- Do nit rub the eye since this can scratch the cornea.
- Remove contact lenses before any process on how to get something out of your eye.
- Do not utilize any sharp objects in this process such as tweezers, pins are sticks.
- Do not remove any object embedded in your eye since it can be injured. Let the specialist do it.
- Do not remove too large objects that seem to be embedded in the eyes or one that sticks between the eyelids.
When to See a Doctor
Extreme cases of objects in the eye should be reported to the doctor or eye specialist to prevent serious eye damage or loss of vision. Seek for emergency care if the object has the following characteristics:
- It has sharp or rough edges.
- It is large enough to interfere with closing your eye.
- It contains chemicals.
- It was propelled into the eye at a high rate of speed.
- It is embedded in the eye.
- It is causing bleeding in the eye.
- The object resides within the colored section of the eye.
- The object is stuck and you are unable to remove it.
- There is blood within the colored section of your eye.
- You have removed the object, but you still feel severe pain, sensitivity to light, blurry vision or it still feels as though there is something in your eye.
How to Get Something Out of Your Eye that is Stuck – Treatment
Once you call or visit an eye specialist to remove foreign materials from your eye, the following procedures will be conducted:
- Application of an anesthetic drop which helps in numbing the eye surface.
- Fluorescein dye that will glow when illuminated with a special light to reveal the object is applied to the eye using an eye drop.
- The specialist will view the object using a magnifier and eventually locate it.
- Either of the above discussed method may be used to flush out something out of your eye.
- If the above technique fails, the physician will use special instruments like needle to remove it.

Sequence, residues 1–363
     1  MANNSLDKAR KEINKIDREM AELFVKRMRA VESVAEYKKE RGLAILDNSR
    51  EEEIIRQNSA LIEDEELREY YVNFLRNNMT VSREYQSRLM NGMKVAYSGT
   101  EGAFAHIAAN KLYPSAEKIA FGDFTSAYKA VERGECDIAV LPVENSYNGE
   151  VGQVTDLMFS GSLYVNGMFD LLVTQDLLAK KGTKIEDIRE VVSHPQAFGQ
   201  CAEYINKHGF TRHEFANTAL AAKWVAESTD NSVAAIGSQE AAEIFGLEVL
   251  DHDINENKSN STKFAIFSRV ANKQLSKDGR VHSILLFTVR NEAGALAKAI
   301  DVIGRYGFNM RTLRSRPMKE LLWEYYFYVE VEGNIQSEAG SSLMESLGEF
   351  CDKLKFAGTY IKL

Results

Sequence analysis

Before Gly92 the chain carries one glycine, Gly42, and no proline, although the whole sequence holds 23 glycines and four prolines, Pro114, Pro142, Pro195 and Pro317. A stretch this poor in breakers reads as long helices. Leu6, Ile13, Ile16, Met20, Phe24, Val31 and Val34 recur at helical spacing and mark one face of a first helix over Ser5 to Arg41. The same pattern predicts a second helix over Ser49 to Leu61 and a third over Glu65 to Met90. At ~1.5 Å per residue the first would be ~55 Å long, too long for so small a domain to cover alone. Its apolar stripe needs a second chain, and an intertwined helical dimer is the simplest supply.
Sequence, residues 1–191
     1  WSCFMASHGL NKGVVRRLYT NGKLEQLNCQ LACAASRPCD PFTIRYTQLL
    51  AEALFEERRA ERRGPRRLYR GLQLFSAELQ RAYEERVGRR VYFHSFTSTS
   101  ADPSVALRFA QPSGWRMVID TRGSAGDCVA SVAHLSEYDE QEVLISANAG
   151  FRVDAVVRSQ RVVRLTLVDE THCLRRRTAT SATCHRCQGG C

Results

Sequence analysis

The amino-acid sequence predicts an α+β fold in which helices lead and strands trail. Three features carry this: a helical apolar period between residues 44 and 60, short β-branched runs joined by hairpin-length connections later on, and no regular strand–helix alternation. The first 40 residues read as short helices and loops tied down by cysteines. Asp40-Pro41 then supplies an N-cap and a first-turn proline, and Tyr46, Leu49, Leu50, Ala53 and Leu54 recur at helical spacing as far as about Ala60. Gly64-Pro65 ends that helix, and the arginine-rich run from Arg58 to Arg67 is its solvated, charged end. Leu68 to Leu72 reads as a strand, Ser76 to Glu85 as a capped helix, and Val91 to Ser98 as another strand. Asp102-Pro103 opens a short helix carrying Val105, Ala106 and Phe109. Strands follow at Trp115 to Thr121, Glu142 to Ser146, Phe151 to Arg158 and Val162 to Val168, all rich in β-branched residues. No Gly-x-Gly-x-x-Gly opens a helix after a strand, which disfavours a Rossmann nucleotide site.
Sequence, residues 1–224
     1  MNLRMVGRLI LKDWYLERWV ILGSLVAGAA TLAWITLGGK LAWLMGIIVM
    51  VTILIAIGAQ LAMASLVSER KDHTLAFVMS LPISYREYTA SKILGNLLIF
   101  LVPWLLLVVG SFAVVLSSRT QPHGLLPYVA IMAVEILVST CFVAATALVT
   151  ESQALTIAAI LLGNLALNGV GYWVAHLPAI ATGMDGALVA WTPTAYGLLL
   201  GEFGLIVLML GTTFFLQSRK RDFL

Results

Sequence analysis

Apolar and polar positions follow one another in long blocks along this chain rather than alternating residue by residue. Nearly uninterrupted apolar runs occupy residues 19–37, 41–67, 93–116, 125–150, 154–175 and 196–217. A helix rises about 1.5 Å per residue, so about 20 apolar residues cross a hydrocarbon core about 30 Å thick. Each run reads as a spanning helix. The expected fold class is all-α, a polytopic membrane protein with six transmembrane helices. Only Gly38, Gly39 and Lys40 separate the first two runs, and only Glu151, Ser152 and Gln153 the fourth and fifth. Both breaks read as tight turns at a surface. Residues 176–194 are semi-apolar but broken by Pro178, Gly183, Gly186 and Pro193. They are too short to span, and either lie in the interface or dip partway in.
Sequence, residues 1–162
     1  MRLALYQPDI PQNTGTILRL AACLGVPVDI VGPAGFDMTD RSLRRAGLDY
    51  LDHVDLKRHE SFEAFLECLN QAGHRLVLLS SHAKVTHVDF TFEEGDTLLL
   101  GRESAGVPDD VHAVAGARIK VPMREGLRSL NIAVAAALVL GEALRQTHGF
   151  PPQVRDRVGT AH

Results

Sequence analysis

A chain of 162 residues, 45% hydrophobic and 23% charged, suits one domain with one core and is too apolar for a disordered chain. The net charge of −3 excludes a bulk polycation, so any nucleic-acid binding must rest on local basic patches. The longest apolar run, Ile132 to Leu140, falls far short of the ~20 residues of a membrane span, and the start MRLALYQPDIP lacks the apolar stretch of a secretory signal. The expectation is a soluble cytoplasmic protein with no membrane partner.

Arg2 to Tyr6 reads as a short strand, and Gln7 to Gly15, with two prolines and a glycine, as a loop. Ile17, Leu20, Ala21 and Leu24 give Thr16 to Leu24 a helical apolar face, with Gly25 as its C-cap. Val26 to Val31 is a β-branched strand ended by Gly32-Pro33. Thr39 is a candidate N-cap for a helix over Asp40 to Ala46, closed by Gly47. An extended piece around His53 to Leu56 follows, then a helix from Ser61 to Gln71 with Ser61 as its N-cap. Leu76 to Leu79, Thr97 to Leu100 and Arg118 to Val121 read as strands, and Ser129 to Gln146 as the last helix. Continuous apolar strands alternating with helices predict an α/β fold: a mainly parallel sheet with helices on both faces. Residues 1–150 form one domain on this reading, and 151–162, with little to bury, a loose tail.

- Depending with how the object has affected your eye a treatment that involves antibiotics or ointment may be given to prevent eye infections.
- For larger corneal abrasion, the doctor may prescribe acetaminophen to ease pain and discomfort. Eye drops with cyclopentolate or homatropine may also be given to keep pupil dilated which will help the cornea to heal faster without causing painful muscle spasms.
- Your eye will always be investigated through CT scans to check on healing and possibility of any complications.
- After successful removal of the foreign objects, symptoms should subside within five hours although you will still feel a slight irritation and little discomfort for a day or two.
- Complete healing will take place within a week especially if the object did not cause any infection.
How to Prevent Foreign Objects in Your Eye
You can prevent objects in the eyes by following the following tips:
- Always wear safety glasses, face shields or goggles while working with power implement or chemicals.
- Use protective eyewear to shield your eyes while you are working in a health care facility to prevent body fluids from getting into your eyes.
- Wear goggles or face mask if you are welding.
- Always wear protective eyewear when you are involving in sports such as baseball, paintball, hockey or racquetball among others.
- Since children are highly susceptible, be a good role model by wearing eye protection.
- Purchase protective eyewear for your children and teach them how to use it.
- Educate children on how to handle sharp pointed objects and items that can get into the eyes.
Protecting your eyes against injuries and foreign objects is the best way to go. If it accidentally happen, try any of the above techniques on how to get something out of your eyes. If you can’t manage on your own, don not panic, call the doctor or visit an ophthalmologist – an eye specialist for treatment removal.
- Foreign Object in the Eye:
- Objects in the Eye – Prevention:
- Symptoms of foreign bodies in eyes:
- How to Get Something out of Your Eye:
- Foreign object in the eye: First aid:
- What should I do if something is stuck in my eye?